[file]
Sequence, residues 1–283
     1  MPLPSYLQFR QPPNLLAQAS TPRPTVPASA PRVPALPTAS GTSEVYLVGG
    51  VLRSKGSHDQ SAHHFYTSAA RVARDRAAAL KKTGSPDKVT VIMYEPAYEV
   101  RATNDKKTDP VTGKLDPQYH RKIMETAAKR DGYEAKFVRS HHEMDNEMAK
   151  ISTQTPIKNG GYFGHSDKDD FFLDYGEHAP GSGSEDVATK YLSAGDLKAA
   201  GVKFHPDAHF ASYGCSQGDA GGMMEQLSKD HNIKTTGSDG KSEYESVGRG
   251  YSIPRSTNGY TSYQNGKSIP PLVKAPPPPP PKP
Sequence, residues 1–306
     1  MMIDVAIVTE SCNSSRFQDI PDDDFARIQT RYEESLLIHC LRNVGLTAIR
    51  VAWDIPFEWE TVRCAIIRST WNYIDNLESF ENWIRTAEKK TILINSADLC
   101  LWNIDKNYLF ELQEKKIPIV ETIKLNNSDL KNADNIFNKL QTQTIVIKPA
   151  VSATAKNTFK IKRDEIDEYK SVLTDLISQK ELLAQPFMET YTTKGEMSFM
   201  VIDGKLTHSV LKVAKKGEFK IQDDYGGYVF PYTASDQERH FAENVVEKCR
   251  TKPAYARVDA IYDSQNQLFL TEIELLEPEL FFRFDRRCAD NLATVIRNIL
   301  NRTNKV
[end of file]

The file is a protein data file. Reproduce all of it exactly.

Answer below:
Sequence, residues 1–283
     1  MPLPSYLQFR QPPNLLAQAS TPRPTVPASA PRVPALPTAS GTSEVYLVGG
    51  VLRSKGSHDQ SAHHFYTSAA RVARDRAAAL KKTGSPDKVT VIMYEPAYEV
   101  RATNDKKTDP VTGKLDPQYH RKIMETAAKR DGYEAKFVRS HHEMDNEMAK
   151  ISTQTPIKNG GYFGHSDKDD FFLDYGEHAP GSGSEDVATK YLSAGDLKAA
   201  GVKFHPDAHF ASYGCSQGDA GGMMEQLSKD HNIKTTGSDG KSEYESVGRG
   251  YSIPRSTNGY TSYQNGKSIP PLVKAPPPPP PKP
Sequence, residues 1–306
     1  MMIDVAIVTE SCNSSRFQDI PDDDFARIQT RYEESLLIHC LRNVGLTAIR
    51  VAWDIPFEWE TVRCAIIRST WNYIDNLESF ENWIRTAEKK TILINSADLC
   101  LWNIDKNYLF ELQEKKIPIV ETIKLNNSDL KNADNIFNKL QTQTIVIKPA
   151  VSATAKNTFK IKRDEIDEYK SVLTDLISQK ELLAQPFMET YTTKGEMSFM
   201  VIDGKLTHSV LKVAKKGEFK IQDDYGGYVF PYTASDQERH FAENVVEKCR
   251  TKPAYARVDA IYDSQNQLFL TEIELLEPEL FFRFDRRCAD NLATVIRNIL
   301  NRTNKV